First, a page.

With the Biden Administration preparing to release an updated National Defense Strategy (NDS) early this year, former Department of Defense officials stressed that sharing data and technology with allies more easily should be a key part of the next NDS.


Retired Gen. James Cartwright, a former commander of DoD Strategic Command; Ellen Lord, former DoD under secretary for acquisition and sustainment; and retired Gen. David Petraeus, former CIA director and former commander at DoD central command, shared how data and tech sharing should factor into the next NDS at an Atlantic Council virtual event Jan. 5.


“I think there has to be some more substance to this discussion about allies,” Cartwright said at the panel. “If we don’t start sharing unprocessed sensor data with all of our allies and friends if we don’t take the gloves off of the commercial sensing and analytic community – so that they can actually do what they can do, instead of being constrained every time for fear of giving up some piece of intellectual property or something – we’re not going to be successful if we’re not successful with our allies. We cannot do this on our own.”


“We’ve got to look more towards how do we share, but through our own devices take best advantage and competition about how we use that knowledge,” he added. “And to me, I see us in a cat-bird seat for being able to do that. But we do have a cultural issue of denying people access to the knowledge and controlling yourself, and that just doesn’t work anymore.”


Lord agreed with the need for data sharing but emphasized that easily transferring technology to allies is also necessary and should be an important part of the next NDS.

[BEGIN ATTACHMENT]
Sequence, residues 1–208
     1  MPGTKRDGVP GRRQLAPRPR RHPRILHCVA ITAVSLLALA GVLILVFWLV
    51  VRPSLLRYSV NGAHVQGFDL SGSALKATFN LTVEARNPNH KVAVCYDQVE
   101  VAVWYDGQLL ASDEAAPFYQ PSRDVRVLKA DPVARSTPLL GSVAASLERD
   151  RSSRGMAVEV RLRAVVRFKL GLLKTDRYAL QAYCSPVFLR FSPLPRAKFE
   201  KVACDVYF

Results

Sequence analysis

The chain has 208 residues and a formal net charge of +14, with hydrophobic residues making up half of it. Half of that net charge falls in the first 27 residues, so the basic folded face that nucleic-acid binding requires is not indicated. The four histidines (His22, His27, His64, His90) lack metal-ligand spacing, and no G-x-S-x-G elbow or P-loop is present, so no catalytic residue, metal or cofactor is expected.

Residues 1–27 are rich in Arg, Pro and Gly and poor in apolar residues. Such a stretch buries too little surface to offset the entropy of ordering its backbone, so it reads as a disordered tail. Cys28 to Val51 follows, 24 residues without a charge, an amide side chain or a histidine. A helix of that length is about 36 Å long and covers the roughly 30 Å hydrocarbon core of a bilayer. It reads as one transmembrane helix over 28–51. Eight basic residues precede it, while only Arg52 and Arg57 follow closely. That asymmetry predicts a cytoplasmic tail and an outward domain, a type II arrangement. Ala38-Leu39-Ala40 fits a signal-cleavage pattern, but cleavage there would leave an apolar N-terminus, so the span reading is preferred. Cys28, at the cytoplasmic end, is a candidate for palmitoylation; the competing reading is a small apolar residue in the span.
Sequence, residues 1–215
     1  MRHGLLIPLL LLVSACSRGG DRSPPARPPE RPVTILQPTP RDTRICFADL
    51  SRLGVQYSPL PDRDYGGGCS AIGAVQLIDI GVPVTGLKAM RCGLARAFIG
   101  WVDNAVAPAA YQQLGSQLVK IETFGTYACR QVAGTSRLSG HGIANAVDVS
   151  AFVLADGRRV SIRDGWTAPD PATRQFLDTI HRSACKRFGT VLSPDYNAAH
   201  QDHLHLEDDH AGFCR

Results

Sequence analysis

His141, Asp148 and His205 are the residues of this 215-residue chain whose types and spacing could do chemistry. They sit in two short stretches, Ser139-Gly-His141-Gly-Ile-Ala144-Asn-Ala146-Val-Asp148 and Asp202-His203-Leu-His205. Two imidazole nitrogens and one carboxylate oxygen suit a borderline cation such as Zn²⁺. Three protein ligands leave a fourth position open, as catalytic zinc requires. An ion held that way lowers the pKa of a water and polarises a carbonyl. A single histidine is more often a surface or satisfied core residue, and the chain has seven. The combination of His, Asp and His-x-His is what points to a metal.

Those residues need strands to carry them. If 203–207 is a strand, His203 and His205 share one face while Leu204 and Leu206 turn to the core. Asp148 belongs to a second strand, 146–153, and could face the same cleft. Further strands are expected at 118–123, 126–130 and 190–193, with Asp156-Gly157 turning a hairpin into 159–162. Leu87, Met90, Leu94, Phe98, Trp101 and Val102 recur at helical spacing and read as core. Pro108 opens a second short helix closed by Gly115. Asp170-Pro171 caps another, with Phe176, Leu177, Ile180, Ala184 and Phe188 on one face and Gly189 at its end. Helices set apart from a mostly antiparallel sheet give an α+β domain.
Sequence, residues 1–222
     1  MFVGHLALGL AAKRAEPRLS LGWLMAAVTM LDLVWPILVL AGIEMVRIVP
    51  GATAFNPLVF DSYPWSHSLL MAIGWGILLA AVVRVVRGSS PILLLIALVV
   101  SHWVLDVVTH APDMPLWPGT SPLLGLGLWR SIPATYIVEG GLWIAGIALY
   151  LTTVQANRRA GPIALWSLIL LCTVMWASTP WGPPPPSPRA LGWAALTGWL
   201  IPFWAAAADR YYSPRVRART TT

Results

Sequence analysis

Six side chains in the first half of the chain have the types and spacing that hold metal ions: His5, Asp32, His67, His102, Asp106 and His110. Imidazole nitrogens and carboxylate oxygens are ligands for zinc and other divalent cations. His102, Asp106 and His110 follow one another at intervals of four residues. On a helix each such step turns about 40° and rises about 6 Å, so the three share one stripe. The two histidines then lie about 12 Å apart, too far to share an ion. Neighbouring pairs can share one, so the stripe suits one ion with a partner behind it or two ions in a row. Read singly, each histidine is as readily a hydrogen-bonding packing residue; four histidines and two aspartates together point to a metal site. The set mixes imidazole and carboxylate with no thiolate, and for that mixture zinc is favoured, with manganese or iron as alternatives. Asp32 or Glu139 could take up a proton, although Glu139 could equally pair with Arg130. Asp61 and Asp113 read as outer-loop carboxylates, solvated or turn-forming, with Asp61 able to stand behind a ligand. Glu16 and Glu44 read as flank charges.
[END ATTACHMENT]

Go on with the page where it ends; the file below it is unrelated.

“We talked about allies and partners, we talked about never going to the fight alone, yet we are not leveraging the defense industrial bases – the manufacturing capability, all the know-how out there,” Lord said. “And until we have some clear objectives that are measurable in terms of making technology releasable. And then being able to export without getting too tied up in it or to our closest allies and partners, I don’t think we’re moving forward correctly.”


The current NDS was implemented in 2018 under President Trump. Current National Security Advisor Jake Sullivan confirmed that a new one is on the way in an interview with Defense One in December.


Petraeus said he considers the current NDS “quite revolutionary” but said it is more important to implement this next one incrementally than more generally providing incremental change. He expressed the most concern about the procurement abilities for the DoD in relation to the NDS.


“The question is what happens on Capitol Hill when it comes to procurement; this is really the central issue,” Petraeus said. “The NDS, in truth, is not a strategy; it’s not in the ways and means. It’s more certainly a lot of discussion of ends, and a bit of ways, but the means actually gets determined across the Potomac.”


“When the actual DoD and the services come to grips with what it is that they’re going to buy, what they’re going to pay for, that’s where the Revolution should be,” he added.


Lord echoed this point and once again emphasized the importance technology will likely play in the next NDS.


“I think it’s all about technology, and there’s an imperative to implement new technologies so that we have capability downrange, ready to be used,” Lord said. “The key is, from my point of view, not having acquisition authorities. I think the Hill has done a pretty good job of giving the authorities the department … but then you go back to the Hill and the oversight. Obviously, they have the imperative to be good custodians of the taxpayer dollar, which often is translated to mean, ‘Tell me where every dollar is going to go, when it’s going to go, and what’s going to happen where?’


“Technology doesn’t work that way,” she added. “So, I think the real key here is a focus on fielding critical technology. Get it in the hands of the warfighters to experiment with; don’t let perfect be the enemy of good enough.”

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Lamar Johnson
Lamar Johnson
Lamar Johnson is a MeriTalk Senior Technology Reporter covering the intersection of government and technology.